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5.0 von 5 Sternen Super, super, super!!!
Eine Fabel wird erzählt und diese Geschichte regt zum wirklichen Nachdenken an!

Es geht um liebe, nette Pinguine, die mit all ihren kleinen und großen Macken auf einem Eisberg leben. Einer der Pinguine entdeckt, dass sich der Eisberg verändert und seine Schlussfolgerung nach einigem Nachdenken ist, dass der Eisberg für die kommenden...
Veröffentlicht am 15. September 2006 von Gernleser

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3.0 von 5 Sternen Penguins Learn to Stick Their Heads in the Ice Beneath Them
My favorite part of John Kotter's classic, Leading Change, is the cover image of a penguin leaping across a space between two blocks of ice while 10 other penguins look on from the side the penguin leaped from. Here is one case where you can tell the book by its cover.

Obviously, that wonderful image penetrated deeply into the consciousness of Holger Rathgeber...
Veröffentlicht am 14. April 2007 von Donald Mitchell


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5.0 von 5 Sternen Super, super, super!!!, 15. September 2006
Eine Fabel wird erzählt und diese Geschichte regt zum wirklichen Nachdenken an!

Es geht um liebe, nette Pinguine, die mit all ihren kleinen und großen Macken auf einem Eisberg leben. Einer der Pinguine entdeckt, dass sich der Eisberg verändert und seine Schlussfolgerung nach einigem Nachdenken ist, dass der Eisberg für die kommenden Winterstürme nicht mehr sicher ist. Er wendet sich an den Rat der Pinguinkolonie und wird gehört. Aber, wie nicht anders zu erwarten, gehen die Meinungen auseinander.

Was folgt, hat mit Pinguinen nicht wirklich etwas zu tun, sondern spiegelt unser eigenes Leben und den Umgang mit Veränderungen wider. So wird zunächst versucht, die unangenehme Wahrheit zu verleugnen, dann bildet sich eine Arbeitsgruppe (typisch divers nach neuesten Managementvorstellungen), man brainstormt ausgiebig, exploriert ganz neue Ideen und verabschiedet einen Actionplan. Mit viel Aufwand wird der geliebte Eisberg verlassen und die Pinguine fangen an, ihr neues Leben und ihr neues Umfeld viel besser zu finden als den alten Eisberg.

Fazit : diese Fabel, in einfachstem Englisch geschrieben, enthält ALLES, was der Chance-Management-Papst John Kotter bereithält. Ein super Buch, empfehlenswert für jedermann!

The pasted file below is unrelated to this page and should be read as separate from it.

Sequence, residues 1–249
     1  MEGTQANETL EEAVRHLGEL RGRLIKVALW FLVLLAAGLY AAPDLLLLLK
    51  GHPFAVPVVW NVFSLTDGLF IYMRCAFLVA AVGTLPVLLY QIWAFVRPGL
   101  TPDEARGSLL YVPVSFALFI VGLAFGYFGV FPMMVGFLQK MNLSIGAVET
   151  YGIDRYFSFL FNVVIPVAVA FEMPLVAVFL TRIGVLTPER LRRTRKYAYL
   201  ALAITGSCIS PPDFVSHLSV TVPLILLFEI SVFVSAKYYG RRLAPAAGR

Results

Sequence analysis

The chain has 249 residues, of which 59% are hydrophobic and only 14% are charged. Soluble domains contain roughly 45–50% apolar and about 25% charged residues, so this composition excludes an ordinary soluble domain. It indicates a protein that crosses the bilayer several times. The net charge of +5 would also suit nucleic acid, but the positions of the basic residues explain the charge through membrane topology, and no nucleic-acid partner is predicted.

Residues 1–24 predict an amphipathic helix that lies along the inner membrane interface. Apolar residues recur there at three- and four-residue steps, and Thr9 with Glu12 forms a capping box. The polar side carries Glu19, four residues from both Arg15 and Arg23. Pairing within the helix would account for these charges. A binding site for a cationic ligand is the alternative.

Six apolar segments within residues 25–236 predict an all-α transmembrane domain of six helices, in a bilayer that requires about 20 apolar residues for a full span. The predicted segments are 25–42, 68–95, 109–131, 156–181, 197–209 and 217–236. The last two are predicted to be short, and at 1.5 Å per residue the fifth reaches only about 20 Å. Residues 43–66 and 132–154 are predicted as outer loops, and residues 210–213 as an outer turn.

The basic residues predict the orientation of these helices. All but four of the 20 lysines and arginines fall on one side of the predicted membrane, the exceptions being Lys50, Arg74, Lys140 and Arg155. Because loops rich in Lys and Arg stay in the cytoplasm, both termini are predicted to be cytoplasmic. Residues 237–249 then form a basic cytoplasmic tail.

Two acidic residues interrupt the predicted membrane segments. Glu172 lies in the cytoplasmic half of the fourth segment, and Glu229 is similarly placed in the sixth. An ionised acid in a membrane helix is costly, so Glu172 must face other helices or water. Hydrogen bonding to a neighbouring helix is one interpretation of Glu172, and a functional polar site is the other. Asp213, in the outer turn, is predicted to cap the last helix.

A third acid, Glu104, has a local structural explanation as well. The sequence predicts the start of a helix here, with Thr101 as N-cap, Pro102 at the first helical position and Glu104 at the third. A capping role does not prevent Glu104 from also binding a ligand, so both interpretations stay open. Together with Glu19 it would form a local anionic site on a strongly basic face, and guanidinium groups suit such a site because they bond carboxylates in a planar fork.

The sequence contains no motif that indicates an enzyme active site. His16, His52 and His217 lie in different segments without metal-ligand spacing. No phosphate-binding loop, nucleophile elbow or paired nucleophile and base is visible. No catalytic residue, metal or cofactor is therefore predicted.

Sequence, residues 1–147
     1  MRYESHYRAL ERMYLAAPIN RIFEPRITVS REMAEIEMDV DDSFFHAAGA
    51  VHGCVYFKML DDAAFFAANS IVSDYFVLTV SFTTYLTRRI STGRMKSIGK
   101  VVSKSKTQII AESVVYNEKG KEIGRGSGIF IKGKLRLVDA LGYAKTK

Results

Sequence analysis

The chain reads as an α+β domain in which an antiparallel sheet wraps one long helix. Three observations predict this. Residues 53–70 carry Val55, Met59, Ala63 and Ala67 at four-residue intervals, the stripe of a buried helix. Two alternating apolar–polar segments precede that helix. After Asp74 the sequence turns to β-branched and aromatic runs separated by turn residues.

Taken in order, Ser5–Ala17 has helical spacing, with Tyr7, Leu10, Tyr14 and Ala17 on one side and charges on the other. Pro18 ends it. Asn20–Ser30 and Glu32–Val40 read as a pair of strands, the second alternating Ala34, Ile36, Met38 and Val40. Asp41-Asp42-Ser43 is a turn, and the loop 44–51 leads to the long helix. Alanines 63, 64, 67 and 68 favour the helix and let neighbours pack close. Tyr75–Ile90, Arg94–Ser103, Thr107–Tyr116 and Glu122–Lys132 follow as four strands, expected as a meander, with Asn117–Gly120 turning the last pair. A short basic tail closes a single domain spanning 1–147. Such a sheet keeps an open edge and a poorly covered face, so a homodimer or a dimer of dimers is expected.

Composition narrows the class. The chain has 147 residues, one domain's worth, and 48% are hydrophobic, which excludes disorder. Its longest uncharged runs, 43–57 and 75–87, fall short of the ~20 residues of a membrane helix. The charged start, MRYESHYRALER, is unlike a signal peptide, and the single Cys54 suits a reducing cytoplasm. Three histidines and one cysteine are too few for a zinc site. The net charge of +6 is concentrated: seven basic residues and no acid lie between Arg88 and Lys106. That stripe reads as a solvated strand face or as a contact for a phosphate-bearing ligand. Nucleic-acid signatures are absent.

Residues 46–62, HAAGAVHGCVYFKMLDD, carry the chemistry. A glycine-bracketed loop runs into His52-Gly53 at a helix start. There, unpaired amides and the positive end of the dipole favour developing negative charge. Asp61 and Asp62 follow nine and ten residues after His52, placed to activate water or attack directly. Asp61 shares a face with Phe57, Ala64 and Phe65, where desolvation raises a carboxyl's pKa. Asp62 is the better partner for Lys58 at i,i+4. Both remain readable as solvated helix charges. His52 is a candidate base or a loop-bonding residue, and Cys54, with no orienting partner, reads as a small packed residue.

Gut zu wissen, dass im Land von Dschordsch Dabbeljuh auch noch Gutes produziert wird. Very strong buy!
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3.0 von 5 Sternen Penguins Learn to Stick Their Heads in the Ice Beneath Them, 14. April 2007
Von 
Donald Mitchell "Jesus Loves You!" (Thanks for Providing My Reviews over 124,000 Helpful Votes Globally) - Alle meine Rezensionen ansehen
(TOP 1000 REZENSENT)   
Rezension bezieht sich auf: Our Iceberg Is Melting (Taschenbuch)
My favorite part of John Kotter's classic, Leading Change, is the cover image of a penguin leaping across a space between two blocks of ice while 10 other penguins look on from the side the penguin leaped from. Here is one case where you can tell the book by its cover.

Obviously, that wonderful image penetrated deeply into the consciousness of Holger Rathgeber in designing this penguin-based version of how a leader might deal with the problem in Who Moved My Cheese? (changing conditions affect survival)? If you miss that connection to Who Moved My Cheese? there's a foreword by Spencer Johnson to make it clearer.

The Emperor Penguins have lived on an iceberg in Antarctica for many years. They planned to always live there. But Fred had a different idea: The iceberg was melting in a way that meant the possibility of a catastrophic collapse in mid-Winter. The rest of the book explores how Fred's knowledge is translated into useful action for the 268 penguins that lived in the colony.

The fable naturally draws on John Kotter's famous eight steps for leading change which I have paraphrased below into seven to make them easier to understand:

1. Get peoples' attention.

2. Establish a change-leading team.

3. Agree on the results you want.

4. Allow needed changes.

5. Show regular progress.

6. Stay focused.

7. Build new habits that will serve you well after the change is done.

Fables are difficult to write. I admire John Kotter and Holger Rathgeber for taking a crack at it.

But if you pay attention to the facts, you'll find that their story doesn't quite make sense. Emperor Penguins live on the pack ice that forms seasonally. As the pack ice retreats, they simply move to the edge. Seldom would they stay on an iceberg. Why? Because the ice breaks up when the youngsters are old enough to swim to the main ice pack. If you read science articles, you'll also learn that what is more likely to threaten a penguin community is that their iceberg drifts into an area where the winter freeze isolates the colony too far from the open sea. The penguins have to walk to the sea rather than dive in to get food.

Also, most icebergs are going to eventually release into warmer seas and melt that way rather than be split by freezing water as described in this book.

If you look at the leadership, it's also very male dominated. The story would be more realistic if it included more male-female interaction.

The problem of survival in the face of the environment seems more akin to what a town council might face in deciding to relocate away from a leaking dam that what a business organization might face.

I could go on, but I'm sure you see the point: A better fable could have been written (even if it had to involve penguins).

I also compared the book to Leading Change and The Heart of Change. Unless you are only able to learn by reading fables, both of those books are much better on this subject.